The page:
The Tuskegee Syphilis Experiment that lasted from 1932 until 1972 is often cited as an example of blatant racism displayed by the establishment in general and the medical establishment in particular.
It must be emphasized that the purpose of this article is not to deny that racism was an integral part of the attitudes held by those who conducted and condoned the study, which it clearly was. Instead, its purpose is to expose the real nature of the tragedy that occurred.
We have demonstrated in a number of our articles, as well as in detail in our book WHAT REALLY MAKES YOU ILL? WHY EVERYTHING YOU THOUGHT YOU KNEW ABOUT DISEASE IS WRONG, that there is no evidence that any “germ” is the cause of any disease and that no disease is sexually transmitted, which inevitably includes syphilis. This therefore raises serious questions about the Tuskegee experiment; questions that inspired us to investigate the matter further.
The basic premise of the experiment was to study the progress and complications of “untreated” syphilis in African-American men. The reason for the study was that there existed a belief amongst members of the American medical establishment that syphilis affected African-Americans differently than European-Americans. At the time the study was being considered, the early 1930s, segregation was still in existence and continued until 1964, although slavery had been abolished in 1865.
Other than their unfounded views about the differences between African-Americans and European-Americans, physicians in America generally held the same views as physicians in Europe about diseases and their causes, as well as appropriate treatments. The view of syphilis that prevailed in 1932 persists into the present day and can be summarized as follows:
- Syphilis is caused by a bacterium called Treponema palladium, which was discovered in 1905
- The disease is either congenital or it is transmitted sexually
- There are 3 stages of the disease
- Tests can be used to diagnose the disease
- Treatments are available to cure the disease.
The 3 stages are called the primary, secondary and tertiary stages, which are described on the Mayo Clinic web page entitled Syphilis. The primary stage is said to involve small sores or ulcers that usually clear on their own; the Mayo Clinic page states,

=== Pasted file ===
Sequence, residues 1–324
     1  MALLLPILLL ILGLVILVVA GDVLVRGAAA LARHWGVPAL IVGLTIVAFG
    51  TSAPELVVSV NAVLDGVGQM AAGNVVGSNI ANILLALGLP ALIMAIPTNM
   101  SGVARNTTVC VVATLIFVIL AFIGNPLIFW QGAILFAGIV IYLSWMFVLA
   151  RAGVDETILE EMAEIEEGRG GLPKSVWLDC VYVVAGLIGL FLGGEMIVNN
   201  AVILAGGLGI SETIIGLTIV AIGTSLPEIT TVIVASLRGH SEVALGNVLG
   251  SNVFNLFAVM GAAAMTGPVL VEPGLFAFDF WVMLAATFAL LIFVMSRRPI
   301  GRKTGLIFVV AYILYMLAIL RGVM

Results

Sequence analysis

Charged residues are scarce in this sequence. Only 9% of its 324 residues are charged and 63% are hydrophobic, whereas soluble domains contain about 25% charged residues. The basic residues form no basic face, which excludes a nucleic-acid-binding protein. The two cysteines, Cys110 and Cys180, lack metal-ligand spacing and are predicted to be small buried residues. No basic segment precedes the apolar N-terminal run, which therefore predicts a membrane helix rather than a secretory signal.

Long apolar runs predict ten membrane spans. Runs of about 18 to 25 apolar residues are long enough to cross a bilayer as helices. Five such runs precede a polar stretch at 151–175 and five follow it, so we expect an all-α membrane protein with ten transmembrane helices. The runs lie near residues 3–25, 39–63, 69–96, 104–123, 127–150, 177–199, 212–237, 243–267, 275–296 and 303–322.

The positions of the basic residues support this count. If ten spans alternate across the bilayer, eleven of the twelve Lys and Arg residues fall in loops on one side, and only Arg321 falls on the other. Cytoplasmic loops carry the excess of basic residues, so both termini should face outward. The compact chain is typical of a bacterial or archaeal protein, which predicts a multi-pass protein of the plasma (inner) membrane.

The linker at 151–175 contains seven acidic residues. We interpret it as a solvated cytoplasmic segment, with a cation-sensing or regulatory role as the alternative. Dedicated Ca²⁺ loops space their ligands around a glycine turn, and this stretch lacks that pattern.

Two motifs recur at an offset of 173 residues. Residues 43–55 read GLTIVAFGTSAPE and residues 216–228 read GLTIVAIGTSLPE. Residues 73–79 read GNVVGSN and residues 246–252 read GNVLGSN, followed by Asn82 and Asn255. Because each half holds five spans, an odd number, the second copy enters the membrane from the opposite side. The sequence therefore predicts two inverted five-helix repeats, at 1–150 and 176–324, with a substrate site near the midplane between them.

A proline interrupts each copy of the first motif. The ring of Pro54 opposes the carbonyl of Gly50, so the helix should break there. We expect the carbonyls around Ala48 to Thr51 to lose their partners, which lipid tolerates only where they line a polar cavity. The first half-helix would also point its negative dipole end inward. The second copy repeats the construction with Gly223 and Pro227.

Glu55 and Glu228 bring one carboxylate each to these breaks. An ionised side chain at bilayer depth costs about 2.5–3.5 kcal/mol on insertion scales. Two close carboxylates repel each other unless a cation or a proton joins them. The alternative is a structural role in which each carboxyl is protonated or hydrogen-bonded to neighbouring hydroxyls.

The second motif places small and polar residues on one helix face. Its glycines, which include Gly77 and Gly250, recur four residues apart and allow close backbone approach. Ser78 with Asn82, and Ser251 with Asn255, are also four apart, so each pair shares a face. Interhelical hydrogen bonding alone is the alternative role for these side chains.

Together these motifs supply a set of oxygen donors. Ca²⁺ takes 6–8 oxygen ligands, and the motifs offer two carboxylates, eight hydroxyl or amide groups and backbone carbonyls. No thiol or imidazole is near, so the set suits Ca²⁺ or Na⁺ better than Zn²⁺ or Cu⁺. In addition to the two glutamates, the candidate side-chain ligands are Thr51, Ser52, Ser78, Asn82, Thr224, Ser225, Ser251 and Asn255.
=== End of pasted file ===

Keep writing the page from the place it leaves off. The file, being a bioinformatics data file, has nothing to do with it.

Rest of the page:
“The sore appears at the spot where the bacteria entered your body.”
The second stage is claimed to involve symptoms that may include a rash, fever and swollen glands, to name just a few. However, it is claimed that if not treated this stage can be followed by a “latent” period, in which there are no symptoms, and that this may last for years or it may develop into the late or “tertiary” stage. At this latter stage the disease is claimed to affect a variety of organs, including the brain, nerves, eyes, heart, blood vessels, liver, bones and joints. The Mayo Clinic page states,
“These problems may occur many years after the original, untreated infection.”
The test used to diagnose syphilis in the 1930s was the Wassermann test, which is no longer used. The Mayo Clinic web page describes the tests that are currently used to diagnose syphilis and states,
“Blood tests can confirm the presence of antibodies that the body uses to fight infection.”
This is clearly an indirect test, but, as we explain in our earlier article about antibodies as well as in our book, the function of antibodies within the body is completely misunderstood by the medical establishment.
The treatments for syphilis used in the 1930s, which will be discussed later in this article, are not the same as those used in 2020; but none of them are actually able to “cure” any disease.
The prevailing beliefs in the early 20th century were that African-Americans had a different susceptibility to certain diseases and that they had a strong sexual impulse. These were mere beliefs that have never been found to have any evidence to support them. Nevertheless, these beliefs were prevalent when the American medical establishment decided to study the rise of “syphilis” in the early 20th century and to increase their efforts to control it in order to improve public health. This led to increased testing of people in various parts of the country, which in turn led to the discovery that Macon County had a particularly high incidence of positive test results that suggested a high incidence of syphilis. However, as discussed in our book, the Wassermann test was extremely unreliable and could often produce positive test results for a variety of other conditions; a positive test result was clearly not exclusive to syphilis nor did it provide definitive proof that a person suffered from syphilis.